Carrots are a pretty inexpensive vegetable to buy at the grocery store, and for this reason many gardeners do not grow them. I like to grow them because they come in beautiful varieties and can fit easily between other vegetables in the garden. That space would not be used otherwise so I like to make good use of it.
There is a multitude of carrot varieties available in a rainbow of colors from purple, yellow, and white to your classic orange. Another factor when it comes to choosing a variety to plant is shape. Some varieties meant for heavy soil grow short and blocky while others meant for loose soft soil grow long and slender. Read the seed description carefully when ordering to determine which type of carrot it is.
Carrots should be directly sown into the garden in fall or early winter. They will not perform well if the root is disturbed after planting. The soil should be loose and easy to work. When preparing the soil remove any pebbles or stones that you run into. Growing carrots in a raised bed will give you more control over the conditions and yield the best results. Alternatively, they can be grown in pots as well.
Plant a pinch of seeds at least 3 inches apart by gently sprinkling the seeds in a straight line over the soil. Barely covering the seeds with soil, just enough so that you can no longer see them. Buying or preparing seed tape will make planting the tiny carrot seeds a breeze. For a continued harvest throughout the winter and spring, plant carrots every 2 to 3 weeks.
After planting, lightly mist the soil until it is evenly moist to the touch. Keep the soil moist throughout the growing season. You should begin to see the carrot seedlings emerge in 2 to 3 weeks. If pests or birds are a problem in your garden, protect the seeds and seedlings with bird netting.
If a freeze is expected, cover your carrots with an old sheet or blanket. If you forget and the carrots suffer through a light freeze then take heart in knowing that carrots that have been through a freeze are often sweeter than those that do not.
Some common carrot problems that you may run into include carrots becoming misshapen if they run into a branch or small stone when growing. A similar problem occurs when carrots are planted too close together. In our growing zone aphids can be an issue from time to time but they are easy to control with daily monitoring. Rabbits or other rodents may eat the tops, but I find that they usually grow back. For the most part, carrots are a low-maintenance crop once they are established.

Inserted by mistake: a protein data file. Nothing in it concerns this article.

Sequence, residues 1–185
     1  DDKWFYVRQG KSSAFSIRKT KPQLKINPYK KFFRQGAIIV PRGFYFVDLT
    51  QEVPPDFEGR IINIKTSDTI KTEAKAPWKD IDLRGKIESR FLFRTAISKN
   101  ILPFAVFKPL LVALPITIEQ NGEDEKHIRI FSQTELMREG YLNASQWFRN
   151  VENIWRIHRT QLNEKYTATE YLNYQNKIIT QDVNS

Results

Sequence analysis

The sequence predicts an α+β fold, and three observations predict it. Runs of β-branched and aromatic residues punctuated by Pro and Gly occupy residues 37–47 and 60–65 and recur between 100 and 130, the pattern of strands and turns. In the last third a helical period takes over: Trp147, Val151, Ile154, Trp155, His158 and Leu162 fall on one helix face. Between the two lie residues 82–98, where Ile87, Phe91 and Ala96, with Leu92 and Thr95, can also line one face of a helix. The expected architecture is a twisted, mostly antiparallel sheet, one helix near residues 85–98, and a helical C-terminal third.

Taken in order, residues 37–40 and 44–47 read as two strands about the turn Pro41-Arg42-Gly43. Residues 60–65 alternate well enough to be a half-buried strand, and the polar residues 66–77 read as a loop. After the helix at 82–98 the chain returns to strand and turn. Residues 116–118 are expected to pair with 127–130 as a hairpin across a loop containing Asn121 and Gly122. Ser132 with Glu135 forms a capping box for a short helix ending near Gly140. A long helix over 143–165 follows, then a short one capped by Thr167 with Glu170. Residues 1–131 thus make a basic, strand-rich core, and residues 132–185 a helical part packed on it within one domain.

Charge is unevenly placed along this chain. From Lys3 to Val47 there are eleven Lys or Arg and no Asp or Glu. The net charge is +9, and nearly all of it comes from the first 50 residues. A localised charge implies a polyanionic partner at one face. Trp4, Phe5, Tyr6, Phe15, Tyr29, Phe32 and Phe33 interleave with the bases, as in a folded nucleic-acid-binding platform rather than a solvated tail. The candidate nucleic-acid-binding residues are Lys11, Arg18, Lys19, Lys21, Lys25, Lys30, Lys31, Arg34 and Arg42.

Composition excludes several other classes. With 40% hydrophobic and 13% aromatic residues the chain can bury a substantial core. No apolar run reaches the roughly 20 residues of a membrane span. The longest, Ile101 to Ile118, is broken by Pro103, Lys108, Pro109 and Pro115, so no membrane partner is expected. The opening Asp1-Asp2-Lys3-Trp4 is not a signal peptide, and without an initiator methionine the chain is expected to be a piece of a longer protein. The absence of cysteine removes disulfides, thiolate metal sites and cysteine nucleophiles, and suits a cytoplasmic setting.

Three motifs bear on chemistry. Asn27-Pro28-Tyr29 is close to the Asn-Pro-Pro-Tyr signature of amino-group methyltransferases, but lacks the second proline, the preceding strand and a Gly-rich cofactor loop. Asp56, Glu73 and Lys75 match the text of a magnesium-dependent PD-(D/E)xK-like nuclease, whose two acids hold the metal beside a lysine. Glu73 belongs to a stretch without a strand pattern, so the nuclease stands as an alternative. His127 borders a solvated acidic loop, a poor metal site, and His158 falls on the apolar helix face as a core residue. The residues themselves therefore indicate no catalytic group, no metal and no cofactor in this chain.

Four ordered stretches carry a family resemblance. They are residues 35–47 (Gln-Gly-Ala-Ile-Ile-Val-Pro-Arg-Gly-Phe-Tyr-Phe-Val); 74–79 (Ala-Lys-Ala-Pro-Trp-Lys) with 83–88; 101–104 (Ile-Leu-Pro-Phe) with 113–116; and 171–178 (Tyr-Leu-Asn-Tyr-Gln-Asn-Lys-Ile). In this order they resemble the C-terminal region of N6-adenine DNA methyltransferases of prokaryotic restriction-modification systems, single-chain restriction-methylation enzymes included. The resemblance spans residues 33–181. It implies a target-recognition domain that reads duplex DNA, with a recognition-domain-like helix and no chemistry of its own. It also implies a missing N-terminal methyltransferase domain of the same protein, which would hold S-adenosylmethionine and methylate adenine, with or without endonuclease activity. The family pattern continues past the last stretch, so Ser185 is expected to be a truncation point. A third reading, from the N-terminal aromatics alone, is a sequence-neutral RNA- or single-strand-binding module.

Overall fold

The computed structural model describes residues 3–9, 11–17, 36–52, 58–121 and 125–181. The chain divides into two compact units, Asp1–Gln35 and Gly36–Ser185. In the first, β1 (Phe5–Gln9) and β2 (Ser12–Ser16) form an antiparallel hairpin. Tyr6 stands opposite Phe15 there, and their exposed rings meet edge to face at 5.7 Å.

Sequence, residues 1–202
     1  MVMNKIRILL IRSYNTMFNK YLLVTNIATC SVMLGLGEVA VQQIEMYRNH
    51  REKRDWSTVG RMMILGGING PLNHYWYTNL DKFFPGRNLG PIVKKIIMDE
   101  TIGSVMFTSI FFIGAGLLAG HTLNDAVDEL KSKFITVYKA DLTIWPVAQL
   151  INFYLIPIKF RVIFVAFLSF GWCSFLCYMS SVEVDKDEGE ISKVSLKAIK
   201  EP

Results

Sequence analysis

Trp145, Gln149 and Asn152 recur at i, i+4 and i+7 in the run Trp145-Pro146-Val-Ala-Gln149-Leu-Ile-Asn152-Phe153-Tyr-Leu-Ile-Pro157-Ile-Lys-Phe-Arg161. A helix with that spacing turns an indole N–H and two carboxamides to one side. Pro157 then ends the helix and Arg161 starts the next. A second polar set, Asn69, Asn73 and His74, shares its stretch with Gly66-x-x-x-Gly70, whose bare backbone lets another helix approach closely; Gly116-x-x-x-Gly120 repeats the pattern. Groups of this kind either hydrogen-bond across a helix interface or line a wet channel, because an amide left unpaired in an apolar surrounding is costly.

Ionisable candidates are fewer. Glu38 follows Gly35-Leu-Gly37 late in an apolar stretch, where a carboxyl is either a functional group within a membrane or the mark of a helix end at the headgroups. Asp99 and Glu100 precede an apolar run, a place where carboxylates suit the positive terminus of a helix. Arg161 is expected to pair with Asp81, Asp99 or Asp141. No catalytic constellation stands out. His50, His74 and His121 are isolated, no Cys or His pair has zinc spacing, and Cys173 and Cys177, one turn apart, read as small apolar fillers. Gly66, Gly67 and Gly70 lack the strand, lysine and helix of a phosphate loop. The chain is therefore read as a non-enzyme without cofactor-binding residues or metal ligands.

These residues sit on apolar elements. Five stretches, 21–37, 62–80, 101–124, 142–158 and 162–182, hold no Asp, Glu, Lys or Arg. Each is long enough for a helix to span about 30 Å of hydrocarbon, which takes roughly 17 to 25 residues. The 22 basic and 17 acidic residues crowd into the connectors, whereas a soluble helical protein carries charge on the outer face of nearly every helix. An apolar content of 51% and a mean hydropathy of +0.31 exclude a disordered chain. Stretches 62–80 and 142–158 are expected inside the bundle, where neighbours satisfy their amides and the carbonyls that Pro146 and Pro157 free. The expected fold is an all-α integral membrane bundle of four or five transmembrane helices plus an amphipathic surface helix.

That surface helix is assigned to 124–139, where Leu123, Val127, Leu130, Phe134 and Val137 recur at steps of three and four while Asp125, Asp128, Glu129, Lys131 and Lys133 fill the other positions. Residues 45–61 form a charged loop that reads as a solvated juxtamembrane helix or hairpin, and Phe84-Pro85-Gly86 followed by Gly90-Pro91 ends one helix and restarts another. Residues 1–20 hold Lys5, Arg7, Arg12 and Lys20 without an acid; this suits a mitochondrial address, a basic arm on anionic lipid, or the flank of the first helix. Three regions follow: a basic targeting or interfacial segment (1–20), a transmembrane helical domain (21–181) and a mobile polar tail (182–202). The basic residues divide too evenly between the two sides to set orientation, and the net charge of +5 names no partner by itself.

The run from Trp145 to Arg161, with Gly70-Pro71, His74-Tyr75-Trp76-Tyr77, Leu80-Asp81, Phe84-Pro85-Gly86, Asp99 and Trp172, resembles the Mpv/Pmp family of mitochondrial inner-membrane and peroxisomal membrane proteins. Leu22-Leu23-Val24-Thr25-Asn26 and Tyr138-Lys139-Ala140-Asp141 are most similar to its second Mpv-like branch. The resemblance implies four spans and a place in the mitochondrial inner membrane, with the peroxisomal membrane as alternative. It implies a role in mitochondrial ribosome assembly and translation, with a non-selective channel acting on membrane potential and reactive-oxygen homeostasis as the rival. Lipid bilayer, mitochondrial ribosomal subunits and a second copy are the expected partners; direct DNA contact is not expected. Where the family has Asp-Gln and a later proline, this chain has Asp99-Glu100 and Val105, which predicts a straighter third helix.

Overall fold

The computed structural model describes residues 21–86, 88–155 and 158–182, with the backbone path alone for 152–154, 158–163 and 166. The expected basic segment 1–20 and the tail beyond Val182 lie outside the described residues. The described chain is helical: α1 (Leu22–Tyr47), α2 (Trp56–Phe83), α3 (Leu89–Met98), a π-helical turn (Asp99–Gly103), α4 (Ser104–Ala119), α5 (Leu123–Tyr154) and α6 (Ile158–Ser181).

You can harvest carrots at nearly any stage after they begin growing. Carrots that are harvested while small are tender and sweet and do not need peeling. With a quick slicing they add spectacular flavor to a salad. The more time you allow the carrots to grow, the larger they will become. Once you begin to see the carrot poking up from the soil either harvest or cover with a light mulch such as leaves or straw. Carrots exposed above the soil often turn green and bitter.
When left to grow for too long carrots will eventually begin to flower and seed. It is best to pick them before this occurs as the flavor and texture change once the plant begins to put energy into seed production.
If a carrot does begin to flower, consider letting it continue and then collect the seeds for future production. When you harvest and plant seeds that you have collected, over time you end up with new varieties of vegetables that become ever hardier to our climate and conditions.
Seed collection is yet another reason to grow carrots even if they are inexpensive at the store. Imagine one day a new variety of carrot named after you. Hmmm, Meehan Purple ‘N Sweet carrot. I kind of like the sound of that!
Terri Meehan is the founder of Southern Nevada Gardening Association, a regional group. She is a garden mentor and local farmer in Pahrump. Send questions or comments to her at email@example.com
Make seed tape to simplify planting small seeds
Tiny seeds like carrots and poppies can be a bother to plant. There are many tools on the market that make this task easier including seed dispensers and seed tape. Tools like these can be expensive and at the end of the day are unnecessary.
Seed tape is simple and quick to make. It serves two purposes. First, it makes planting minute seeds much easier. Second, it helps keep pests from digging up seeds.
To make seed tape you will need flour, water, seeds, a marker and a roll of One-Ply toilet paper. This is not the time to use premium cushioned Three-Ply toilet paper. Look for the least expensive thinnest toilet paper you can find. It should be able to dissolve easily in water.
To make the seed tape, first mix 4 tablespoons of water with 2 tablespoons of water to make a flour paste. Roll out the toilet paper to your desired length. I like to create my seed tape in 1-foot lengths to make for an easy transfer to the garden. Fold the toilet paper in half along the narrow edge, pressing tightly to achieve a nice crease.
Unfold the toilet paper and use the marker to make dots at the spacing that you would like to plant your seeds. Carrots for example, should be spaced 3 inches apart. Next, spoon a drop or two of the flour paste onto the toilet paper where you made a dot with the marker.
Drop a few seeds into the flour paste. Continue this process until you reach the end of the length of the toilet paper and then press the top half firmly over the bottom half. Run your hand along the toilet paper to secure the two halves together.
Let the seed tape dry for 24 hours and then roll it up for storage or plant it directly into the garden. It can be stored for several months in a cool dry location. Seed tape is a great project to work on in the winter when there is not much going on in the garden and can save your back a few hours of being hunched over a garden bed.